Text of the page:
c. Publish the RET liable entity with whom an EITE business will negotiate the provision of the Partial Exemption Certificate.

d. Update guidelines for determining the renewable components in waste for electricity generation.

  • The Government should consult with affected parties on implementation of the Panel’s recommendations for the RET including:

a. Measures for ensuring that large-scale generation certificates trade in a suitable price range that provides an appropriate level of support for accredited power stations.

b. Methods for setting targets.

c. Setting the distance limit and threshold for third party off-takes for the self-generation exemption.

  • The Panel’s recommendations for progressively reducing the deeming rate for solar PV installations and reducing the size eligibility threshold from 100 kilowatts to 10 kilowatts should take effect from the date of announcement. Transitional arrangements should be provided for parties that have entered into contracts on the basis of the current policy at the date of announcement.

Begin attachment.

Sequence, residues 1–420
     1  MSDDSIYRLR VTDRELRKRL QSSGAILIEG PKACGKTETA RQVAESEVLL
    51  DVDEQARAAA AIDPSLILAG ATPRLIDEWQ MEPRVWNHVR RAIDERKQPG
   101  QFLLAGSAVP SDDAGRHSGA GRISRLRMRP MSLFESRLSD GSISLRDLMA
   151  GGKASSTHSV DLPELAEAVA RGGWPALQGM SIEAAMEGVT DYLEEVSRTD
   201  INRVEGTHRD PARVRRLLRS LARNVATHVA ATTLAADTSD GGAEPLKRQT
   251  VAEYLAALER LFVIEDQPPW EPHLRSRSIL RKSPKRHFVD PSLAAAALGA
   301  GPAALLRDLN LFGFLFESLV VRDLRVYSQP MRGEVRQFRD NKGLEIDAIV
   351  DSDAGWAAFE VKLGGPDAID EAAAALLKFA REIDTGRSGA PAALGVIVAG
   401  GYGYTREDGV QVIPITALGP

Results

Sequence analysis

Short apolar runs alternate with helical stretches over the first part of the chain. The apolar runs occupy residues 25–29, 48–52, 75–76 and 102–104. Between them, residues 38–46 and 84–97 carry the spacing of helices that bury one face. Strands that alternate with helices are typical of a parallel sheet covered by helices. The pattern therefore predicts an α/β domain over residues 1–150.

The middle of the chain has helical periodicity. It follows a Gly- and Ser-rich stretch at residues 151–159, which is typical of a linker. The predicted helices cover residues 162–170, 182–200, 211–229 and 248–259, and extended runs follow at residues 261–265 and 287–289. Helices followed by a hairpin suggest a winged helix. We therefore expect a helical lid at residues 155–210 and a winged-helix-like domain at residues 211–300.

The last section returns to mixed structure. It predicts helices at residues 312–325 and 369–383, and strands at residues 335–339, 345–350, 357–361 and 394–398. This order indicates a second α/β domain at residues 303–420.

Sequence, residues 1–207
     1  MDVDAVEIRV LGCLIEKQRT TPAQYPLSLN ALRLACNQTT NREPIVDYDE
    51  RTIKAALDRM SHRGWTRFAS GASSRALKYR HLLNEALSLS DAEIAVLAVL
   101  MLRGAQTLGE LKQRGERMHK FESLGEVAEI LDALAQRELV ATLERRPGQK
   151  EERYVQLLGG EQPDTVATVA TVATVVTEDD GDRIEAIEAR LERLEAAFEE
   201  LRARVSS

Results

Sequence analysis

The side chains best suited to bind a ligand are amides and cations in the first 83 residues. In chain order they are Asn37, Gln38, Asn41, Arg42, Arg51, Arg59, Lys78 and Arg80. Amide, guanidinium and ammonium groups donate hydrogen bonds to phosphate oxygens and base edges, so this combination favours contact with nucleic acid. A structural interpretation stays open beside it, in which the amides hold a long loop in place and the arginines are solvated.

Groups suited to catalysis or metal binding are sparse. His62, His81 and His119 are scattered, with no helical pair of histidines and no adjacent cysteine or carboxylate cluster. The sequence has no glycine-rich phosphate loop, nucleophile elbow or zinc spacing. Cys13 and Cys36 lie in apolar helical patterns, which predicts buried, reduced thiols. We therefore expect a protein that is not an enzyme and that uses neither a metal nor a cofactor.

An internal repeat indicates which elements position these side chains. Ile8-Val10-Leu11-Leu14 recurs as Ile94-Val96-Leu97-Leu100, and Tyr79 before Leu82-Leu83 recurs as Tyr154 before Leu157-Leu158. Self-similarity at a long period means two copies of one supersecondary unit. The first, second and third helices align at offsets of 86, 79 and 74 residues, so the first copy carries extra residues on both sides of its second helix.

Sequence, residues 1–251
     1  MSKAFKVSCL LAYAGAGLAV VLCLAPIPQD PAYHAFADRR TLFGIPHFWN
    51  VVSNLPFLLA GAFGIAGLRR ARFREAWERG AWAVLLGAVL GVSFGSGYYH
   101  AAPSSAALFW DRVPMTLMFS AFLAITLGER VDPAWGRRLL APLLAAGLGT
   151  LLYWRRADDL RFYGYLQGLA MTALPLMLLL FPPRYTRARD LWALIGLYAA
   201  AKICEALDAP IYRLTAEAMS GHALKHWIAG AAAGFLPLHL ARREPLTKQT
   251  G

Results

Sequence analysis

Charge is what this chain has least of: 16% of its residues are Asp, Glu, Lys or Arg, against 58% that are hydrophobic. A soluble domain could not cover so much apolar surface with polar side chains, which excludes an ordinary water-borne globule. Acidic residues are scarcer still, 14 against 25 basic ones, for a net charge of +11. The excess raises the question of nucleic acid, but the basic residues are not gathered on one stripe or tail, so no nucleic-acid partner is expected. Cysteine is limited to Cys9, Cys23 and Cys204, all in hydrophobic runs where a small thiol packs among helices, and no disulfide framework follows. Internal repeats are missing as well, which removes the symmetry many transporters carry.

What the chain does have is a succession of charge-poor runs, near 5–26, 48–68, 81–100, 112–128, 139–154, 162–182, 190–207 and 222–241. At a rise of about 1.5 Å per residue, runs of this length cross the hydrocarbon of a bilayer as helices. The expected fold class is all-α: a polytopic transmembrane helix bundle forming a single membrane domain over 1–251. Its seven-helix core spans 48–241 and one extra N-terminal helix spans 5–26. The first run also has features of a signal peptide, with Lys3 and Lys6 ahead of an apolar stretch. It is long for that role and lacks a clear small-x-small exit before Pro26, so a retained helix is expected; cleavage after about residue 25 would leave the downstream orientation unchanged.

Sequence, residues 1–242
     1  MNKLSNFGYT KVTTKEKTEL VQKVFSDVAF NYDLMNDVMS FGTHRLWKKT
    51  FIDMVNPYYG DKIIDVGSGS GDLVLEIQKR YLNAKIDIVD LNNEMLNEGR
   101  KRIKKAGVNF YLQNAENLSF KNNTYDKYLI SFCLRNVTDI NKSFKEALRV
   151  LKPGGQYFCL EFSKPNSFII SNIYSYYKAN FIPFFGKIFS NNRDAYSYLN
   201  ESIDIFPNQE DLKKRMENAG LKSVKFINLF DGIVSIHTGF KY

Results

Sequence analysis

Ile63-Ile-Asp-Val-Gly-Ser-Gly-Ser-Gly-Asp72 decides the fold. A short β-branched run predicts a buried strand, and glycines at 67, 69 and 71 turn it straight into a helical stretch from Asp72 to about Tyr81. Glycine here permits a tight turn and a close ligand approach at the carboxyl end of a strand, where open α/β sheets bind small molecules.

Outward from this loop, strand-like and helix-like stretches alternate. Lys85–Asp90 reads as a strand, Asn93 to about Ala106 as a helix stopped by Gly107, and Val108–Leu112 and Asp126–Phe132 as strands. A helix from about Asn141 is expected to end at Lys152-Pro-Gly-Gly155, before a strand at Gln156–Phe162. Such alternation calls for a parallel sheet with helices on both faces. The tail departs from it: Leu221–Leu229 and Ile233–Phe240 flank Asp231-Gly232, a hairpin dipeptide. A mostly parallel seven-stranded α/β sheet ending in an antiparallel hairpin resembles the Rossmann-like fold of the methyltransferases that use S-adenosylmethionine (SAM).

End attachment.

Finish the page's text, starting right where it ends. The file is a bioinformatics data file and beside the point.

The next steps in the Abbott Government’s review of the RET

While the Abbott Government has committed to reviewing the report in coming weeks before responding to it, the current options proposed by the non-statutory panel are unlikely to be legislated in their current form, should the Abbott Government attempt to do so.

Senate hostility

While the Abbott Government succeeded in repealing the Clean Energy Act 2011 (Cth) and therefore the Carbon Pricing Mechanism, before the winter recess on 17 July 2014, its other attempts to repeal climate change related legislation have been unsuccessful.

Notably in the context of the RET, the following repeal bills have all been rejected by a Senate majority comprising of the Labor Party, Greens and independents (including the Palmer United Party (PUP)):

  • The Clean Energy Finance Corporation (Abolition) Bill 2014 which sought to abolish the Clean Energy Finance Corporation (CEFC) has been rejected twice and is now noted on the Parliamentary website as ‘Not proceeding’;
  • The Australian Renewable Energy Agency (Repeal) Bill 2014 which sought to abolish the Australian Renewable Energy Agency (ARENA) has not been passed in the House of Representatives yet and as the PUP has indicated that it will block this Bill, it is unlikely to be passed in the Senate.  On 19 June 2014, the Senate referred the provisions of the Repeal Bill to a Senate Committee for inquiry and report by 4 September 2014.